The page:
Then there were a trip to South Mumbai, a few cleaning session, a few playground evenings, and a total lack of energy to get out just to buy one puny little extension cord.
Today was the day though, but not before I finished cleaning my kitchen, tackling the outside and inside of the kitchen cabinets, outside which was just a re-do of the botched work my maid did despite me telling her NOT to do it, and the inside was a good way to keep an inventory of my pantry and clean some of the glassware we use less often…ok almost never! And while doing that I found all this:
These are small bowls which would be called pudding bowls, which we mostly use for dal and dahi, they have the distinction of all having been freebies collected over the years, the ones on the left were coming free as a Diwali offer on our washing machine if I remember correctly, the one in the center came free as yet another Diwali offer on an appliance. They seem to like giving you glassware sets as gifts during that time of the year, probably to serve nuts and sweets to your guest. The one on the right was from buying Britannia Dahi when it first got launched, each 500g cup of curd got you one glass bowl at the check out counter, DH loved that dahi back then, so we ended up with quite a few, some of them broke at the hand of our Navi Mumbai Glassware Terminator of a maid, but we still have enough on our hand, and it will let us remember they were a Britannia gift as long as we have them as the brand’s logo is engraved at the bottom, needless to say we are prepared to feed an army with all these and funnily enough, while we used the Britannia and the blue one as much as we used the bowls that came with our Wedding gift dinner set, it’s the dinner set’s bowls that got decimated first…
After finally getting my kitchen spick and span, I ventured outside, shortage of fruits, soy milk and anticipating a chole puri meal oblige, in order to optimize my outing in this scorching sun, I decided to return library books, and hunt for that extension cord as well and when we made it back home, both Ishi and I felt like having a nap. By 5 I realised that our housing society had decided to break their no-festival streak by hiring guys to decorate the garden with lights, so not to feel like a festive slacker myself I decided to put mine up as well…mustered all the motivation and energy I could get while Ishita whined to go to the park…the promise of having lights up soon did make her patient long enough though.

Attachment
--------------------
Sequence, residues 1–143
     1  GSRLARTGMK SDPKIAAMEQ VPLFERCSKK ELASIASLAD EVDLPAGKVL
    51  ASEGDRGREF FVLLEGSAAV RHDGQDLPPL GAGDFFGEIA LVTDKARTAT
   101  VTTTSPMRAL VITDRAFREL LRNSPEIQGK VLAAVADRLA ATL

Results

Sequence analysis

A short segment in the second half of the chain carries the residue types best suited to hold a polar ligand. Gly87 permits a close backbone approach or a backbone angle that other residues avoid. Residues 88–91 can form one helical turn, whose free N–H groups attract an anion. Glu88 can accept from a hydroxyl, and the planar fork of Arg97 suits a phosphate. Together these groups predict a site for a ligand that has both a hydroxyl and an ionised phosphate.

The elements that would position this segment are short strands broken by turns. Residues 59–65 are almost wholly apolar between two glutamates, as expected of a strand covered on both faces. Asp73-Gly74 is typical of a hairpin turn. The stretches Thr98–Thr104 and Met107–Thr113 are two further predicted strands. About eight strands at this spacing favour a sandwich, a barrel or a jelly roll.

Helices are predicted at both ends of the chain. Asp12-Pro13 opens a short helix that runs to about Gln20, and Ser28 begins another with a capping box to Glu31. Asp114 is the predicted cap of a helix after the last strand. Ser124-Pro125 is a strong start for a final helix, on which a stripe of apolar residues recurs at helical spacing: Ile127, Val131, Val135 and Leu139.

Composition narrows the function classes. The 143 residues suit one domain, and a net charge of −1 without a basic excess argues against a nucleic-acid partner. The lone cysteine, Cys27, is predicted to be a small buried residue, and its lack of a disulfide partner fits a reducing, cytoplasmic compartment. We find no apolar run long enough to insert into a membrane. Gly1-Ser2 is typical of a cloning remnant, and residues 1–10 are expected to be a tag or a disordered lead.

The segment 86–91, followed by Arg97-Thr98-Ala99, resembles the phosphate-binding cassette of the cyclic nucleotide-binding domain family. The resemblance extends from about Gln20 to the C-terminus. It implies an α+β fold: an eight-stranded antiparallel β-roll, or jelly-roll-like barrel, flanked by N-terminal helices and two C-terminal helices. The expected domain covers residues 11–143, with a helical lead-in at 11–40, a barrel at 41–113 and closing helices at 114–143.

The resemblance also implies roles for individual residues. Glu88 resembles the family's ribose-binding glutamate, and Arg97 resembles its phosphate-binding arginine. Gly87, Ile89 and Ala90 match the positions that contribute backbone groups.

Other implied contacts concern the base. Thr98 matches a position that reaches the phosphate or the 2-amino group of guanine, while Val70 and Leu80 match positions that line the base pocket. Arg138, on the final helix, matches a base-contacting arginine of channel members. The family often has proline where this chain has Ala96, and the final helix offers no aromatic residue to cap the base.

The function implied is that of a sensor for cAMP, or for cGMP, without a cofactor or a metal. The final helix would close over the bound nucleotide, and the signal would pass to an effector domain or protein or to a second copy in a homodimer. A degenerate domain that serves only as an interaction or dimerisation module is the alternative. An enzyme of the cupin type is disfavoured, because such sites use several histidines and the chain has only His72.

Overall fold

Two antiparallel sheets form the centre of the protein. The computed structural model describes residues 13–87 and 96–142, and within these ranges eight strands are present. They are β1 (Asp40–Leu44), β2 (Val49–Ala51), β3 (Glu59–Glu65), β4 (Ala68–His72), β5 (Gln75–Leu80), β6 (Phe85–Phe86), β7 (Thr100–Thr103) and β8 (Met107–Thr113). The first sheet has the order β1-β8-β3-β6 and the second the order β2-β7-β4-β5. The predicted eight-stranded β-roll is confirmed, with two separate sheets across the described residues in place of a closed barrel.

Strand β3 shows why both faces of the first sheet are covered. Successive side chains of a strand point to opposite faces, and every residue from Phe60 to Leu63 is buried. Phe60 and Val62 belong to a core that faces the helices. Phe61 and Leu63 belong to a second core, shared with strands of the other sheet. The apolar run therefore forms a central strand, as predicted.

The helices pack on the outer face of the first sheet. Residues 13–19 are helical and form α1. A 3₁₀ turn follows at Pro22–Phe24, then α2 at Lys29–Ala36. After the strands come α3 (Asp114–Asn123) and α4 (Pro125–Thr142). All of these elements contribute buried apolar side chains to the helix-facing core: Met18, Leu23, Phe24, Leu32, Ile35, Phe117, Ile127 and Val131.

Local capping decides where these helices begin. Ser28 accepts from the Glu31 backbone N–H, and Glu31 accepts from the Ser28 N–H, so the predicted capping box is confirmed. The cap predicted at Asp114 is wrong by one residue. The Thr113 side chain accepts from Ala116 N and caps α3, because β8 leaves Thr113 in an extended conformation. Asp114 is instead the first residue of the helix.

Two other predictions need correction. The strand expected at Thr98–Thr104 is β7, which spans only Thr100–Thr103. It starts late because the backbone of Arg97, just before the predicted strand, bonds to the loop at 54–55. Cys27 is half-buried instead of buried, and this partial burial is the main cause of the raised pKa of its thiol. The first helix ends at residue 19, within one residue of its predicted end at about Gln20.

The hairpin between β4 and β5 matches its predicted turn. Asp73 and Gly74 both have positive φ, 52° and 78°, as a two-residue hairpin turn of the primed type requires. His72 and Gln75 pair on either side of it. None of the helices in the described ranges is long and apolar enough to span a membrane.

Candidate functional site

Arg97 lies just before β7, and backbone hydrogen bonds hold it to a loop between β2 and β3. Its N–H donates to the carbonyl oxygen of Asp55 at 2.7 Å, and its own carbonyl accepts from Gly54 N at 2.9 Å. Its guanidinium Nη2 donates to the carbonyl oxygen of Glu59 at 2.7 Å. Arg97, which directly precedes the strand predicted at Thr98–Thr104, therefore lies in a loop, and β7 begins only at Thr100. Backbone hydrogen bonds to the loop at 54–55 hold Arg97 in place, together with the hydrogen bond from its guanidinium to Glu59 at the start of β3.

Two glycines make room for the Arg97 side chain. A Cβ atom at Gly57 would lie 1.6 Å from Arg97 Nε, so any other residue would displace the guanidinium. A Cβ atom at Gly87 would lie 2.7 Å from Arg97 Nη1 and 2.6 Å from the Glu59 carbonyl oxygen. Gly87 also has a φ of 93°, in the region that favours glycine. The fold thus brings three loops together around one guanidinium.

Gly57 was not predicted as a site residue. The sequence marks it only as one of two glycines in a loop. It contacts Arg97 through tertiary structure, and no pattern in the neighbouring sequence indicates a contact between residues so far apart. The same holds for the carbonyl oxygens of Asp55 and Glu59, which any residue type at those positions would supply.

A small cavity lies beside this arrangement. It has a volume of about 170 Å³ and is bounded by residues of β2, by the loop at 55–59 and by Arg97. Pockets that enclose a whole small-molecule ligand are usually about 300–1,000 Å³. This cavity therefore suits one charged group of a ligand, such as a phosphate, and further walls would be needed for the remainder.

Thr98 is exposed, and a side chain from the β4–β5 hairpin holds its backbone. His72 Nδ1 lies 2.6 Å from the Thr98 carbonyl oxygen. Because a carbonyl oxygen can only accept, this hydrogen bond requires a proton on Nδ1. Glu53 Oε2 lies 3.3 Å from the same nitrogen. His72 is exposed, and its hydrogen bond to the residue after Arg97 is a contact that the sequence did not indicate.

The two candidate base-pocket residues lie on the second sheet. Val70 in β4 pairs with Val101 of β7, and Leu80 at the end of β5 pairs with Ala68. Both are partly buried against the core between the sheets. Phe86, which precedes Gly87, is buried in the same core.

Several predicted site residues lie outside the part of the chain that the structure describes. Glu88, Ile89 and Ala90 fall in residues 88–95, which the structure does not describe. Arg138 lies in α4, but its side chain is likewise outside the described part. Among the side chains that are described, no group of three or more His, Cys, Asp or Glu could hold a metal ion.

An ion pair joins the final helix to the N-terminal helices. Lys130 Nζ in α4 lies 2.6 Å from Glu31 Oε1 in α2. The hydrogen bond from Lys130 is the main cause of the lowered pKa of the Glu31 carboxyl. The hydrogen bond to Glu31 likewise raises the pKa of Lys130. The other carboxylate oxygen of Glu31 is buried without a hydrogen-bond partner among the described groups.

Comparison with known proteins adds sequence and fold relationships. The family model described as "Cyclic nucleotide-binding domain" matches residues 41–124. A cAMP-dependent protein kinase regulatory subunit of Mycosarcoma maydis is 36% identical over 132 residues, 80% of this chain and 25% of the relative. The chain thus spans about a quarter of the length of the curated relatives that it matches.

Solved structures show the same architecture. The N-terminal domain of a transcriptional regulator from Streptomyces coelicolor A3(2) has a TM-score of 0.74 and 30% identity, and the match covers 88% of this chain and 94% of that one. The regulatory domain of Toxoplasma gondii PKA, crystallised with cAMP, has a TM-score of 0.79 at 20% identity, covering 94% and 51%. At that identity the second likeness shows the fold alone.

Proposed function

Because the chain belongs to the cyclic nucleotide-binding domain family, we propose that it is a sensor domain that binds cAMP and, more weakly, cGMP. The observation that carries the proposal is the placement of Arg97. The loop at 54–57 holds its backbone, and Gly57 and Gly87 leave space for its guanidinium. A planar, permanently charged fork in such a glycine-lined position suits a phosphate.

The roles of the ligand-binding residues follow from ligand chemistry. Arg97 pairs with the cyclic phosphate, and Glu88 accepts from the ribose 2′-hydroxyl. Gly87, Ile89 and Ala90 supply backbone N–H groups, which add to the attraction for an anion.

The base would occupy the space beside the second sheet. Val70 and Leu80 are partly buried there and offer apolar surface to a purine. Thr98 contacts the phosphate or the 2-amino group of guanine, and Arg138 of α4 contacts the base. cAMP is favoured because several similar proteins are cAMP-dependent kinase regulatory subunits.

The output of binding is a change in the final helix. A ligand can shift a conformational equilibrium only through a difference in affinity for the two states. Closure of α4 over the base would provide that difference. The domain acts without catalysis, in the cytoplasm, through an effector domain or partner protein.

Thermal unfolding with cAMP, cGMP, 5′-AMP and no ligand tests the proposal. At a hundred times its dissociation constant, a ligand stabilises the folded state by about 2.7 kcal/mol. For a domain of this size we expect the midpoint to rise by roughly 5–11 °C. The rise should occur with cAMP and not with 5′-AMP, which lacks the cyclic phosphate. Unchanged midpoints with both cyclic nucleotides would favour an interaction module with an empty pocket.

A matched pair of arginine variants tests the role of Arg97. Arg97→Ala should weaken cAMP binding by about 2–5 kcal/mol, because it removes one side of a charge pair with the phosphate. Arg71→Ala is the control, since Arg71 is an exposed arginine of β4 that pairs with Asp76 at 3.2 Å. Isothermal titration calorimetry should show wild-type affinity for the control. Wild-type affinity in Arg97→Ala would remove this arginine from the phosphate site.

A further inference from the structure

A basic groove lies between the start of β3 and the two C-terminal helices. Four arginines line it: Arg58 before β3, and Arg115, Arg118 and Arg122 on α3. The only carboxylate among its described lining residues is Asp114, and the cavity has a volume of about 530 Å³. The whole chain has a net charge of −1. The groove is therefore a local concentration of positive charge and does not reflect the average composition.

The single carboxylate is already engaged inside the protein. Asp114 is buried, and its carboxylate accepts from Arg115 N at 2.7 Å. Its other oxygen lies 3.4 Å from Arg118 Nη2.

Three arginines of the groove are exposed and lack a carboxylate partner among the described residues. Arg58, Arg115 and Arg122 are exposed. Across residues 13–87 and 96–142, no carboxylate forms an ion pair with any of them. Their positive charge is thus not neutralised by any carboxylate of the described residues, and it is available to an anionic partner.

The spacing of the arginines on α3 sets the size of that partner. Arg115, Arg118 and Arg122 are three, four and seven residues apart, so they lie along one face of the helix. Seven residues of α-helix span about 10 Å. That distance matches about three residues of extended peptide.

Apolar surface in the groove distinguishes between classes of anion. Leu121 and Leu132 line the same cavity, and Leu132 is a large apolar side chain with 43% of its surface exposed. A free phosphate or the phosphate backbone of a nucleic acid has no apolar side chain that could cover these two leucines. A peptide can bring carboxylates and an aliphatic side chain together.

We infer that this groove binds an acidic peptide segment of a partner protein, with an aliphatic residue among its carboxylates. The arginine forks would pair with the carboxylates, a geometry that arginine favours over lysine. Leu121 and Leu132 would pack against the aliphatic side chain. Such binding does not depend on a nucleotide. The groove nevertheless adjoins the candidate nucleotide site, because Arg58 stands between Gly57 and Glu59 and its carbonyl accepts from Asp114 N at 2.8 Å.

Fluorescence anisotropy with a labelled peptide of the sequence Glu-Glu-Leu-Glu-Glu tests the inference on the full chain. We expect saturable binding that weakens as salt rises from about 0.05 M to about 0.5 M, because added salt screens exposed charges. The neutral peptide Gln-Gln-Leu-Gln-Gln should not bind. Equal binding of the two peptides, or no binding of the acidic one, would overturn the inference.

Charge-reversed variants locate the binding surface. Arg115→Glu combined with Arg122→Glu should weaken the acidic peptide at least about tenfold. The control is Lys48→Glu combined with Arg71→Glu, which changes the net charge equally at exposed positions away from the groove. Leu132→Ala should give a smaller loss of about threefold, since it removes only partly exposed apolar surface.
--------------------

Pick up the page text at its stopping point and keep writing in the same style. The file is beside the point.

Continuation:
First I dug out some of the sturdy lights we had left from last year out, and picked out the plastic pipe full of multi-coloured ones out, and hung it twisting it on the balcony grill…grills are great for that, they give you a nice canvas to start your Diwali electrical masterpiece. Then one strand of pink got festooned, followed by a white one twisted on the grill, plugged it and it was all working fine, but couldn’t get the full effect as I managed to get the whole thing done before sunset. We left it on, and went to the park, when I returned home this is how it looked:
Next will come the diyas, which I have to dig out of the storage cabinets, remembering my laborious sessions of diya cleaning from last year, the year we got a phone call from our landlord on Diwali itself telling us that he was putting the flat for sale and we should look for another place to live…the diyas took days to wash, and I only bothered because they were really nicely painted ones that still looked in very good shape and not to be thrown and wasted. I remember making it just days before we were moving out of that place.
These diyas will actually look awesome on my balcony this year, Ishita is already asking to get firecrackers, and I think I will try to give the bathroom a scrub tomorrow…the maid made a show of scrubbing the walls which wasn’t necessary, but never saw the dirt on the floor tiles that need a heavy dose of scrubbing and Cif, to her the floor is clean since she pours a bucket full of water on it daily and then push the excess water down the drain with a broom.
As you can see…been busy.